I wondered how he managed to open the door and check it was McLaughlan without making a sound. Maybe there was a secret peep-hole in the door that only the SIS knew about. 👿 Whatever, McLauchlan wouldn't do what they wanted him to do.

  12. lprent 13

    Muttonbird said…

    Well, artifacts are constantly left and repeated in the username section which is, for some reason, not independent from the comments section.

    Because I wanted the site to be as open as possible and because I didn't want to spend time endlessly fixing logins or dealing with robots, I disabled them back in about 2009. Instead I put in a system to allow anyone to leave comments and maintained the logins for authors, moderators and the lucky few who already had them.

    However that meant that with every comment, the non-login author had to put put in their details on each comment – which slowed the commenting process. So I used cookies. Once you leave a comment on a particular browser on a particular system, I told your browser to remember those details on your client machine login, and to fill in the fields for you on that browser and machine whenever a comment was presented to fill in.

    Works well until the details get mucked up at the client side. Typically when pasting into the wrong field, which causes the mistake to reproduced.

    • Muttonbird 13.1

      Thanks for that explanation.

      The issue seems to be that, of late, occasionally when I am merrily typing away in the comment box the cursor will flip to the name box without warning. I continue to type until I need to look at the screen again and find no words added to the comment box, but they have been added to the name box which I didn't think to check.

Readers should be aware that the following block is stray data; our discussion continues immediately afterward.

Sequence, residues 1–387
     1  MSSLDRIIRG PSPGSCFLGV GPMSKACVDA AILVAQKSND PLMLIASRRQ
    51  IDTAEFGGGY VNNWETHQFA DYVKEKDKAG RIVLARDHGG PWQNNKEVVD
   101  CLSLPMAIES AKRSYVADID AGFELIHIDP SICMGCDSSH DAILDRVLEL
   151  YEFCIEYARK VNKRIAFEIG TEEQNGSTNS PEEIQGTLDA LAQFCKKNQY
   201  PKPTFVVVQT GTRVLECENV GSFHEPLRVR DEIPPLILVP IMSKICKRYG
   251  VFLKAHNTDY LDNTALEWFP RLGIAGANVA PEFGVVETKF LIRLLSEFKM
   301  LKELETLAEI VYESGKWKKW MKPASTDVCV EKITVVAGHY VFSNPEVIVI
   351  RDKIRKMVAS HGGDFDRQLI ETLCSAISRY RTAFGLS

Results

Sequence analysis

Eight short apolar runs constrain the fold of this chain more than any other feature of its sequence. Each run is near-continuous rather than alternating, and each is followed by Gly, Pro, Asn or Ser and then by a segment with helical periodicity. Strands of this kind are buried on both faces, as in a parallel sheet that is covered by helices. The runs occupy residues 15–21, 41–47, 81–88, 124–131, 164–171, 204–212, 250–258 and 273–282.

I then re-type what got 'lost' in the comment box and hit 'Submit Comment'. The comment then goes out with extra words added to my username in the name box.

      Not sure if it's an issue with my machine.

      • McFlock 13.1.1

        Is it one of those laptops with a touchpad below the keyboard? I always switch that off if I have a corded mouse – my hands hovering over the touch pad sometimes tap it and send the cursor funny places.


        a good trick in a shared office is to put a cordless mouse usb in the back of a colleagues machine. Then as they're typing away just randomly point and click from your desk. drives 'em crazy if you do it subtly enough 😉

        • Muttonbird

          Yes, but the mousepad requires a definite push.

          I've not been able to repeat the fault today – it's random.

          • lprent

            McFlock is probably right. Mousepads are a nuisance when you're typing. Mine is turned off whenever I have a external keyboard/mouse talking to it. Which is most of the time.

            I usually do have a wireless K750 keyboard + a MX Anywhere in my pack or where I work. I have 3 of them – work, home, and pack. Solar powered keyboards are *thin* – sneak in the pack very nicely.

            Try the right side of the mouse pad. That is usually where they have the scroller option turned on. The option is often set to move fields when you use it vertically.